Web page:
Act Two

As I began reading act two, I found myself a bit confused. I have to say that I was not at all expecting a section that focused on speculative apologetics. I think that a large part of my problem here was the complete lack of mention in the book title, the section heading, or the chapter headings that instilling tools for evangelism was a goal for this book. Now, I know that Beaumont discusses the importance of engaging the culture through the medium of movies in Act One; however I thought that this meant that the book was going to consider the mechanics of doing that. I do not think that this necessarily takes away from the book; in fact I think that Beaumont was wise in choosing to include this information, considering the obvious fact that the church has not been adequately exposed to the reasons why Christianity is properly considered to be a rational belief system. I just think that titling the section and chapters differently could have gone a long way in preparing me for the move.

That having been said, the apologetic arguments offered by Beaumont are instances of the standard arguments historically used by classical apologists. There is little in the way of anything new in his arguments, nor should there be since this is clearly a book aimed to convey the information in a summary fashion for those who have never heard it before. This is exactly the kind of information that I was thankful for when I first discovered apologetics, and for his recognition as to what the church needs, Beaumont should be praised. I know first hand how easy it is to want to go deeper into these issues because I know just how detailed the discussion can get. Good for him for remembering that this book is a tool for educating neophytes. Finally, I really appreciated the dialogical section at the end of every chapter. It is in this section that I think Beaumont demonstrably evidences his petition that the culture needs to be accessed in order for evangelism to be relevant and effective.

Act Three

There is little to say regarding the final section. I thought that it was very appropriate and well put. Some may wish that Beaumont had given a list of dos and don’ts for a Christian movie watcher, but if they had they would be missing the whole point (and should buy another copy and start over . . . . j/k).

Concluding Thoughts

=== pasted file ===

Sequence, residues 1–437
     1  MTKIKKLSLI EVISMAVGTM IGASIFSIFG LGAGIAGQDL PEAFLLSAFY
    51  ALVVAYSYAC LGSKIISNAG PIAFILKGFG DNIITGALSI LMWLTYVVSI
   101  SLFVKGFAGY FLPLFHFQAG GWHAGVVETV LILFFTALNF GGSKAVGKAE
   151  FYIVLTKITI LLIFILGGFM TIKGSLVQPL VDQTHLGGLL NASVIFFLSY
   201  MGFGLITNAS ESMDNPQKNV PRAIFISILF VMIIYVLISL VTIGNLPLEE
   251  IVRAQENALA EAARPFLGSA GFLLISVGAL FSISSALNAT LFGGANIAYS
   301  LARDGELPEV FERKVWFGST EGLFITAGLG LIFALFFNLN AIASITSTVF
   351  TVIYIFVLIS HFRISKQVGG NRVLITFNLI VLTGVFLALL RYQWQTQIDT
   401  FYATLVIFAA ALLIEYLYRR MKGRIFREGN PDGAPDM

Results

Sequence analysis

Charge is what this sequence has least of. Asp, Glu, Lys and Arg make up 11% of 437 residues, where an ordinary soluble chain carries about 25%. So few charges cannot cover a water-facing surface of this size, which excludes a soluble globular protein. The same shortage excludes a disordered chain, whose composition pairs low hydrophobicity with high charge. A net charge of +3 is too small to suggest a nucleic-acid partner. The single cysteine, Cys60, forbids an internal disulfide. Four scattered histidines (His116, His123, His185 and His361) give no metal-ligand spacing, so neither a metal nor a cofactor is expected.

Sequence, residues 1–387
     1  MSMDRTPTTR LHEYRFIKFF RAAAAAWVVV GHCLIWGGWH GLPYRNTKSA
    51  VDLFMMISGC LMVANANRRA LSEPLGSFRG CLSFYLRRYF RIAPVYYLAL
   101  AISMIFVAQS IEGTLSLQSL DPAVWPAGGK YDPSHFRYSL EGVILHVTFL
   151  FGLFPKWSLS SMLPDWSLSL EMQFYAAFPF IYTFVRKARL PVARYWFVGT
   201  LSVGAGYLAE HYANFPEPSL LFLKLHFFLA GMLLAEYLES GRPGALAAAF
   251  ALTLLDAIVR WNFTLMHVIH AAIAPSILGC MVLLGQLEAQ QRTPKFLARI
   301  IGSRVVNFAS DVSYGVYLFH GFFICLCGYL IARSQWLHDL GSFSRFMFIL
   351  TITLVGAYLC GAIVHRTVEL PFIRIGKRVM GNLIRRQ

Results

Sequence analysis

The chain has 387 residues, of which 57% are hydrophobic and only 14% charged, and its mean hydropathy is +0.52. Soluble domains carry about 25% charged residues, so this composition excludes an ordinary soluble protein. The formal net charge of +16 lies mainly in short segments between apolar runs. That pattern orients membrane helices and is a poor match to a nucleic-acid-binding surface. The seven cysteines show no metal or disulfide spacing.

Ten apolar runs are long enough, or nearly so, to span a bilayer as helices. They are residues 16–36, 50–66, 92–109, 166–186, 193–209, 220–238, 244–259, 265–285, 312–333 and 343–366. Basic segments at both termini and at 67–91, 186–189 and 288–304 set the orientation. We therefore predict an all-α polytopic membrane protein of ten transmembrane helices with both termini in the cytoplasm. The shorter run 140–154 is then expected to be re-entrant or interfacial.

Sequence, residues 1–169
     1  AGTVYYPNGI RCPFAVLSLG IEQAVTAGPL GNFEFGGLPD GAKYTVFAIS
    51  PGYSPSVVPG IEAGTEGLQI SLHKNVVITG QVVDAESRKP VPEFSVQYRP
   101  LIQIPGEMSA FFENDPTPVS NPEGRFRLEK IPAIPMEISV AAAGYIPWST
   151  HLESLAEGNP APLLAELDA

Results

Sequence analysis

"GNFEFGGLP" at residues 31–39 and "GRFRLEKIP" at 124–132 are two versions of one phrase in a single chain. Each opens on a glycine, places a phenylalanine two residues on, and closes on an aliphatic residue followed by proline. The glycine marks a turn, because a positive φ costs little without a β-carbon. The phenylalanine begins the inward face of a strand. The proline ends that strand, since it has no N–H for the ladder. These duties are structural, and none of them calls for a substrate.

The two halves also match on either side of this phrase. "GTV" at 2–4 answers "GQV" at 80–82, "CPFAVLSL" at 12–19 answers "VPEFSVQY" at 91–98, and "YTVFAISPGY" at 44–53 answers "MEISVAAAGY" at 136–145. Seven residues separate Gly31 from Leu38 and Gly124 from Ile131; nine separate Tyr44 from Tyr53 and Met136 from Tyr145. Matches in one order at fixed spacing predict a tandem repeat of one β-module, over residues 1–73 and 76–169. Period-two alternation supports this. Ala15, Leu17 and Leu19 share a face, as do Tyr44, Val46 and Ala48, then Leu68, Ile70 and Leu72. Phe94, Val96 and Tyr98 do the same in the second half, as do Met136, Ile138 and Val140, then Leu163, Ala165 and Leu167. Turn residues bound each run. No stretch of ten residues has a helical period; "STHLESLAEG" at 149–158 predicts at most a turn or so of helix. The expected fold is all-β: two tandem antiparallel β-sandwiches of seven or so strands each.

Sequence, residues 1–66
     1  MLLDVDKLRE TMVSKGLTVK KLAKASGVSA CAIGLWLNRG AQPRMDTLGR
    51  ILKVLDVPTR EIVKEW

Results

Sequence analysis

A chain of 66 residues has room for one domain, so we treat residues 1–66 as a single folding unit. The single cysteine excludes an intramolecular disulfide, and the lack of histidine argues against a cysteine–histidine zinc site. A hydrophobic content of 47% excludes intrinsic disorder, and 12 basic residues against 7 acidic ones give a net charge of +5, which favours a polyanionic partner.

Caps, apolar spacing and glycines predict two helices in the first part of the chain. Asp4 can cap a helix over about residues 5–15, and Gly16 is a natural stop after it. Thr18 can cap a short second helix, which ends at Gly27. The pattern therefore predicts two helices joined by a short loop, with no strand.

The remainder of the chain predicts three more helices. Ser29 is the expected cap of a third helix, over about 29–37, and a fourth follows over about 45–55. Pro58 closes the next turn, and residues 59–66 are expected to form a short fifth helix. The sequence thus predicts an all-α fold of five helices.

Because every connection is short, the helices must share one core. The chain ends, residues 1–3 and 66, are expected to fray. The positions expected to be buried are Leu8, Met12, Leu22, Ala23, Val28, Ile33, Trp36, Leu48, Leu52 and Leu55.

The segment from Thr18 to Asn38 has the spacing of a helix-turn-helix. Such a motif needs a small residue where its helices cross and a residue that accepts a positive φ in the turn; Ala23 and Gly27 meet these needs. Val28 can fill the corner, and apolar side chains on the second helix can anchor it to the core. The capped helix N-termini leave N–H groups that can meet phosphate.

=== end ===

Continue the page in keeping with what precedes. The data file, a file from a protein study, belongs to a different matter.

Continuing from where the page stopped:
Upon completion of this book I am especially happy that I read the first section, pleased that the second section is included, and glad at the open door left in the third section. The problems that I have with the book are circumstantial, for the most part, and do not relate to the overall argument presented. Being a book which appears to have been intended as an introduction, I think it succeeds wonderfully in its goal. When all is considered, I will give this book 4.5 out of five, the half point being taken for the confusion regarding the second section. Nonetheless, that confusion would not inhibit me in the least from recommending The Message Behind the Movie to any Christian who wishes to be a successful evangelist, whether to millions, or simply to their friends. This is a terribly important message that could not be released at a better time.

Finally, I hope for the author and the publisher to consider a series of sequels, and to dive deeper into these topics discussed. I would like to see the first section expanded into its own volume, if not multiple volumes. It would also be neat to see a volume aimed at detailed evaluation, to show what that would look like.

Friday, January 30, 2009

Will the True Liberal Please Stand Up?

In this blog, I have decided to bring together two of my most dominant interests, politics and philosophy. I have been reading Aristotle's Nichomachean Ethics and I just finished the section on the moral/social virtues. If you know anything about Aristotle, a virtue is a mean (middle quality) between a vice of excess and a vice of defect. One of the moral virtues is liberality. Liberality is that virtue that lies between the excess of prodigality and the defect of meanness. While I was reading on this topic, some things stuck out to me regarding what we now tend to call liberalism. Hear what Aristotle has to say:

A liberal man is liberal because it is virtuous, not because he can gain anything else. He will give the right amounts to the right people at the right times and with pleasure (or without pain). In addition, the liberal takes from the right sources. He goes on to say that it is rare for a liberal to become rich because he views wealth as an object for giving, and thus does not hold onto it long enough to accumulate it.

A prodigal, on the other hand, will often exhaust their resources since they exceed in giving and lack in taking. Such a man is to be considered as foolish, though not necessarily wicked. A major problem is that many prodigals take from the wrong sources. They will often make those who should be poor to be rich and ignore those who are noble in character.
I think that there is one element that needs to be clarified here. It is generally clear what Aristotle means when he says right amounts, right times, etc. (not necessarily the number values, but the concepts; the number values will change dependant on the circumstances). However, it is unclear thus far as to what he means by "taking from the right sources." He states that the true liberal "will take from the right sources, e.g. from his own possessions, not as something noble but as a necessity, that he may have something to give."

Finally, I love what Aristotle says here. "Liberality resides not in the multitude of the gifts but in the state of character of the giver, and this is relative to the giver's substance. There is therefore nothing to prevent the man who gives less from being the more liberal man, if he has less to give those are thought to be more liberal who have not made their wealth but inherited it; for in the first place they have no experience of want, and secondly all men are fonder of their own productions."